New Injunctions Granted Against HHS Mandate
Two federal appeals courts grant preliminary injunctions protecting the religious liberty of for-profit plaintiffs.
WASHINGTON — Two federal appeals courts have become the latest to grant preliminary injunctions protecting the religious liberty of for-profit plaintiffs from the demands of the federal contraception mandate.
“Freedom is not the government’s to give and take away when it pleases,” said Alliance Defending Freedom counsel Matt Bowman in response to one of the decisions.
“The court did the right thing in issuing its order, and we are confident that this unconstitutional mandate’s days are numbered,” he continued.
Alliance Defending Freedom is representing numerous plaintiffs in lawsuits challenging the controversial contraception mandate, which requires employers to offer health insurance covering contraception, sterilization and some drugs that can cause early abortions.
More than 130 individuals and organizations have sued over the mandate, arguing that it violates their right to religious freedom.
Currently, 11 of 14 for-profit plaintiffs have been granted injunctions blocking the mandate. Many non-profit plaintiffs have had their suits set aside while the federal government develops a proposal that it claims will protect their religious rights.
On Feb. 1, the 8th Circuit appeals court found that the case brought by medical manufacturer and retailer Annex Medical, Inc., has a “sufficient likelihood of success on the merits,” citing the same court’s November decision granting an injunction to another for-profit business, O’Brien Industrial Holdings.
The owner of Annex Medical is a Catholic, and argued that his religious beliefs “compel him to provide for the physical health” of his employees, but that the contraception mandate has made it impossible for him to purchase a health insurance plan for his employees without “violating his religious beliefs.”
Bowman welcomed the decision, saying, “Americans have the God-given freedom to live and do business according to their faith. Honoring God is not just important within the four walls of a church; it is important every day, in all areas of life, including in our work.”
A similar decision was reached by the U.S. Court of Appeals for the 7th Circuit regarding Grote Industries, an Indiana-based vehicle lighting manufacturer.
The Grote family is also Catholic, and its members run their business “in accordance with the precepts of their faith.” They argued that the mandate violates their rights under the Religious Freedom Restoration Act.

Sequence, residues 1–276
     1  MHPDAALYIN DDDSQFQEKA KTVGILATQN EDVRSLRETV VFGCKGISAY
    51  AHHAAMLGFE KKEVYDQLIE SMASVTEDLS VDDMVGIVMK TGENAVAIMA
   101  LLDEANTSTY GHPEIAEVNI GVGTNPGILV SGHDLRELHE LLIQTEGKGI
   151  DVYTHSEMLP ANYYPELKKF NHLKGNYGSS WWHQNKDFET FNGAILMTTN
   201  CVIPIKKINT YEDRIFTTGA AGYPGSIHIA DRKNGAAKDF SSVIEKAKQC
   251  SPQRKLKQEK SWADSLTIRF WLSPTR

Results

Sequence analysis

The Obama administration argued that the burden its mandate puts on people of faith is minimal, a claim that the court said “obscure(s) the substance of the religious-liberty violation asserted here.”
The court issued Grote Industries an injunction on Jan. 30 because it believes the company has a “reasonable likelihood of success” on the basis of their argument, and that “they will suffer irreparable harm absent an injunction ... and the balance of harms tips in their favor.”
Of the three judges on the 7th Circuit appeals panel, Ilana Rovner dissented from the majority decision.
Rovner argued that corporations, not their owners, are obliged to provide contraceptive coverage by the mandate. She said that because Grote Industries is not “organized expressly to pursue religious ends,” it has no “religious interests or rights.”
Bowman countered this argument, saying that “forcing employers to surrender their faith in order to earn a living is unprecedented, unnecessary, and unconstitutional.”
On Feb. 1, the federal government announced its intention to revise the mandate, clarifying that churches and their affiliated organizations are exempt from its demands.
Religious organizations that are not directly affiliated with a particular church will be given an “accommodation” under which their insurer offers the coverage free of charge. The government claims that providing contraception has no cost for insurers because of unspecified health benefits that lower overall health care costs for women.
The accommodation proposal has been denounced as an “accounting gimmick” by those who do not think that such coverage can really be offered for free. They argue that the objecting employers will ultimately end up paying for the coverage in their premiums.
In addition, critics of the proposal noted that it fails to grant any relief to for-profit companies run by individuals with moral or religious objections to the requirement.
Just days after the announcement, another legal challenge was filed against the mandate.
Plaintiff Stephen Briscoe is an evangelical Christian who opposes abortion-inducing drugs. He owns several small businesses that run nursing homes and facilities that care for seniors.
Briscoe is asking a federal court in Colorado to protect his First Amendment right to freely exercise his religion in his business decisions. Because his company does not associate with a particular religion, he is not granted any protection from the demands of the mandate.
“This lawsuit puts a glaring light on the fact that the Obama administration just doesn’t understand what religious freedom really is,” said Michael Norton, senior counsel for Alliance Defending Freedom.
“All Americans have a God-given freedom to live and do business according to their faith, and the First Amendment has always protected that,” he stressed.